IEA: changing policy, lack of competition failing Australian energy transition

Share

While elegantly framed, the IEA’s latest review of Australian energy policy, the first since 2012, has outlined what many within the renewables industry have long known: That a series of policy failures and a lack of competition in gas and electricity markets have resulted in a carbon emissions trajectory above the country’s international commitments, and locked in high electricity prices since 2012.

The report has called for a “national, integrated energy and climate policy framework” for 2030 based on a low-emission development strategy for 2050.”

In its media statement announcing the report’s release, the IEA praised the Federal Government for emphasising the need for energy security and resilience.  However, it also set out a clear and urgent need for concrete and coordinated policymaking.

“A comprehensive national energy and climate strategy is needed for Australia to have a cleaner and more secure energy future,” said Faith Birol, IEA Executive Director, in a statement while presenting the findings yesterday.

The IEA is adept at framing its analyses of energy policies, and its ‘forecasts’, in terms that are palatable to political interests and incumbent energy market players. However, it is coming under increasing pressure for its woeful track record on forecasting the growth of renewable energy sources in its World Energy Outlook publications – in particular for solar PV.

The agency has been increasingly strident in its rhetoric in terms of the need for more robust policy settings, through which national governments can enable a transition towards low or zero-carbon energy systems. And in its latest report on Australia, it has highlighted a number of enlightening, if not ground-breaking, findings.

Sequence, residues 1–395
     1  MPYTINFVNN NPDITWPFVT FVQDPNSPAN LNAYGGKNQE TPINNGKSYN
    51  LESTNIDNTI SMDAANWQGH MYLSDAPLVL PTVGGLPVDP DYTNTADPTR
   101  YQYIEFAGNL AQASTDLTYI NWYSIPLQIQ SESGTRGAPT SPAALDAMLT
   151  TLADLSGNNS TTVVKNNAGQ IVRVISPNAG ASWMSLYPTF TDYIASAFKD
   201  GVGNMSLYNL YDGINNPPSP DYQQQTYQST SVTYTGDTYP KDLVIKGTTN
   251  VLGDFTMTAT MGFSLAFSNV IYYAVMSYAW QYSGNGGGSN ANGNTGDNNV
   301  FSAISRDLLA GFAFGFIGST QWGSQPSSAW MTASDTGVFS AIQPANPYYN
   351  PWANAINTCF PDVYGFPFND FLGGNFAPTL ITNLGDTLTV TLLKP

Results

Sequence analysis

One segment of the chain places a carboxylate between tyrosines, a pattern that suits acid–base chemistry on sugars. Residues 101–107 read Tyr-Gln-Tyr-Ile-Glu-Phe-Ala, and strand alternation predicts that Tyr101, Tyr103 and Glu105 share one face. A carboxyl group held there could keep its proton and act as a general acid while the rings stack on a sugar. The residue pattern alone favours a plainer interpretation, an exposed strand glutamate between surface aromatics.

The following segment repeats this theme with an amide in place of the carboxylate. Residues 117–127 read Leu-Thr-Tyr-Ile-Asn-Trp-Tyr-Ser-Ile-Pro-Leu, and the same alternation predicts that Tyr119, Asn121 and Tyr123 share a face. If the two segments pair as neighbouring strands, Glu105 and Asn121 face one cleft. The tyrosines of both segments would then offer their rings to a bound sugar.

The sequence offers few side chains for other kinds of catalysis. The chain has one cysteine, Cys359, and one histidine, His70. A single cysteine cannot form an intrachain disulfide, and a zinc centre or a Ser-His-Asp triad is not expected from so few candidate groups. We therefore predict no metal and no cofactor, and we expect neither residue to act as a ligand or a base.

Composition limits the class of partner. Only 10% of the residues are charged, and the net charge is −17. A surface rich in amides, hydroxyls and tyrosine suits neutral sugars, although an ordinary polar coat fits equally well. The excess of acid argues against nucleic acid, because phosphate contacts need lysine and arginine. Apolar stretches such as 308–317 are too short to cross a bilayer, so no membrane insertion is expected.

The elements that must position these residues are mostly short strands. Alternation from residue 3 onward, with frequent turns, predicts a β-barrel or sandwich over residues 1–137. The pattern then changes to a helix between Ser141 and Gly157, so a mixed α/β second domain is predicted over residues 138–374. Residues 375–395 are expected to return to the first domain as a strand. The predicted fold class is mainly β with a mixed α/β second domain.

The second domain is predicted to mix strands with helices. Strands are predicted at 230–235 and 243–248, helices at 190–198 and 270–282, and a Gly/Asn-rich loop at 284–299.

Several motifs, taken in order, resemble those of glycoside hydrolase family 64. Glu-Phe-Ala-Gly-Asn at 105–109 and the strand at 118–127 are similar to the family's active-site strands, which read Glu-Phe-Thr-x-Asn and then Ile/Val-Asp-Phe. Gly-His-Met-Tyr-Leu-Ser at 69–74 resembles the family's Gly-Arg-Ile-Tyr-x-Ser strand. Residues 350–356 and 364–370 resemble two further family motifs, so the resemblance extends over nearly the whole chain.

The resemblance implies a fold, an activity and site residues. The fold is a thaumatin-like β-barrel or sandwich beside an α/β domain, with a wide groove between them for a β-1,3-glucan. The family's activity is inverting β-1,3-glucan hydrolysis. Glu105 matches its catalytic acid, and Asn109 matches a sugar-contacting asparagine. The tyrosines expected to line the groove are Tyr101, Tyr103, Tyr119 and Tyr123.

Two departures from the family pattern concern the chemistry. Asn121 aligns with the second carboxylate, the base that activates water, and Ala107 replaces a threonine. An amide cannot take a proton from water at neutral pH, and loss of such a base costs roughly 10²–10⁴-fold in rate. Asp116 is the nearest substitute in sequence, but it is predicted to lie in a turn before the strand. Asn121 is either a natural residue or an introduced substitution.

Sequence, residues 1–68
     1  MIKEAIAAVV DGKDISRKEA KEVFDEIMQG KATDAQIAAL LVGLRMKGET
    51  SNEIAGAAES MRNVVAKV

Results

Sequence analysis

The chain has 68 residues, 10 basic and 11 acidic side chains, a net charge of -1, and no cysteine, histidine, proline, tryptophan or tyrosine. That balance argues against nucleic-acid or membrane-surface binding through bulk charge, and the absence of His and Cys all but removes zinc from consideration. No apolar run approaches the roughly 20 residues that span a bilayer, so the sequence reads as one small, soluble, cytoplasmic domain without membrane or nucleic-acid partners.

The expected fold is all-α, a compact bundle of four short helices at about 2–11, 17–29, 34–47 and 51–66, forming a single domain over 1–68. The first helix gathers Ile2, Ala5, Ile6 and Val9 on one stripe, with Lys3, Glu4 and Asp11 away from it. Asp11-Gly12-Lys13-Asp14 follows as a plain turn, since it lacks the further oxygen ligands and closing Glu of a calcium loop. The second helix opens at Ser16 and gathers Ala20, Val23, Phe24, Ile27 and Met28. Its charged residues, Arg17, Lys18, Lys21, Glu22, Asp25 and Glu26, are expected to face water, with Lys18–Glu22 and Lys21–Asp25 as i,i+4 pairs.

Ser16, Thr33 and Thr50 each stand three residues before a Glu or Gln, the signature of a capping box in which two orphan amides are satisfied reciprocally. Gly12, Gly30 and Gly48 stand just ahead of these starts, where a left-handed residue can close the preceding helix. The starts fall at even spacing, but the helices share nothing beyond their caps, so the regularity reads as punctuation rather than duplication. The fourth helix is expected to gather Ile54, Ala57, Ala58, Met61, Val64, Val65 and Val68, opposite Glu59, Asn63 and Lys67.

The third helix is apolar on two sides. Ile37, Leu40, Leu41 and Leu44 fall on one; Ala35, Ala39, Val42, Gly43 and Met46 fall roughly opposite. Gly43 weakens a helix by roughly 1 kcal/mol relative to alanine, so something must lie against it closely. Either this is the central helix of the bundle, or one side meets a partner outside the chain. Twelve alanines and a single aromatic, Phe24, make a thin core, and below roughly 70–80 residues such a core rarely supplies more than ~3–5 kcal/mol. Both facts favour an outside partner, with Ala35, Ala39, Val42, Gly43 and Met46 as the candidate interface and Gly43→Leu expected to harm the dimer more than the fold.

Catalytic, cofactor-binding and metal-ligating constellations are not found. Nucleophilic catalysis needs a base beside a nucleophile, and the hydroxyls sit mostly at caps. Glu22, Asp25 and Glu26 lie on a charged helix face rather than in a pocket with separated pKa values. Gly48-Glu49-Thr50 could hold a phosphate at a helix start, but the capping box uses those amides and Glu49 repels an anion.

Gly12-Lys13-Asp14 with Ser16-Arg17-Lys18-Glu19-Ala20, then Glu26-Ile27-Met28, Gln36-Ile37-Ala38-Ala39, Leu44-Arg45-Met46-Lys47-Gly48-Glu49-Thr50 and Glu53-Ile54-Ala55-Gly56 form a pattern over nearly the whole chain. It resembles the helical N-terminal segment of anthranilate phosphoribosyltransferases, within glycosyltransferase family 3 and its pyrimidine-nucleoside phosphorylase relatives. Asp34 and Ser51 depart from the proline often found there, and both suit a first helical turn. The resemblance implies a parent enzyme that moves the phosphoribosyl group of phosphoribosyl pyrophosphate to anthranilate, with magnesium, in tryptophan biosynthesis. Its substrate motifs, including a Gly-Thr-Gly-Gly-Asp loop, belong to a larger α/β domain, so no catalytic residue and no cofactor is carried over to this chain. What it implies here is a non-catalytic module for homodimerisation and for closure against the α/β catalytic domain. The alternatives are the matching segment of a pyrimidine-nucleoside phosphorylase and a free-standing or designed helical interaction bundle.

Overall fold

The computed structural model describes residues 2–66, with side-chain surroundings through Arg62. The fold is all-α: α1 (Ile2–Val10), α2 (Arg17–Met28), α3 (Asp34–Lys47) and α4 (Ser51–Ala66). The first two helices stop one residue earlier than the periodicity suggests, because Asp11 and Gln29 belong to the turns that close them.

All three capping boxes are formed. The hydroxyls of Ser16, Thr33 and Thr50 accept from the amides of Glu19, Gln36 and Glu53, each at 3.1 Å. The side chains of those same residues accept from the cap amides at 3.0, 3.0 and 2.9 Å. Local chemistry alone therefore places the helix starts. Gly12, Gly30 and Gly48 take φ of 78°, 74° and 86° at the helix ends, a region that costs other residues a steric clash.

Some telling observations in its latest Australia publication include:

  • Energy prices in the country have remained high since 2012, “against low levels of competition in gas and electricity markets and low consumer choice.”
  • Resilience of electricity supply is being tested as “old coal plants” retire.
  • That energy policy in Australia “is very complex and fragmented.” And that it “suffers from frequent changes of policy direction and institutions at Commonwealth level.”

In outlining the need for a clear and coordinated policy framework towards 2030 and emissions reduction goal for 2050, the IEA calls for cooperation between the Federal and state governments. “In short, a strategic and enduring policy response towards an orderly energy transition is required.”

The report argues that such policies and goals are critical “to guarantee visibility for investors and consumers alike.”

The IEA notes that the energy transformation is occurring faster and more widely “than expected”, driven by falling renewable generation costs, batteries and developments in energy efficiency.

Editor’s note: The IEA argues that it does not issue forecasts in its WEO publications. It produces scenarios for renewable technology adoption based on policy setting and its models.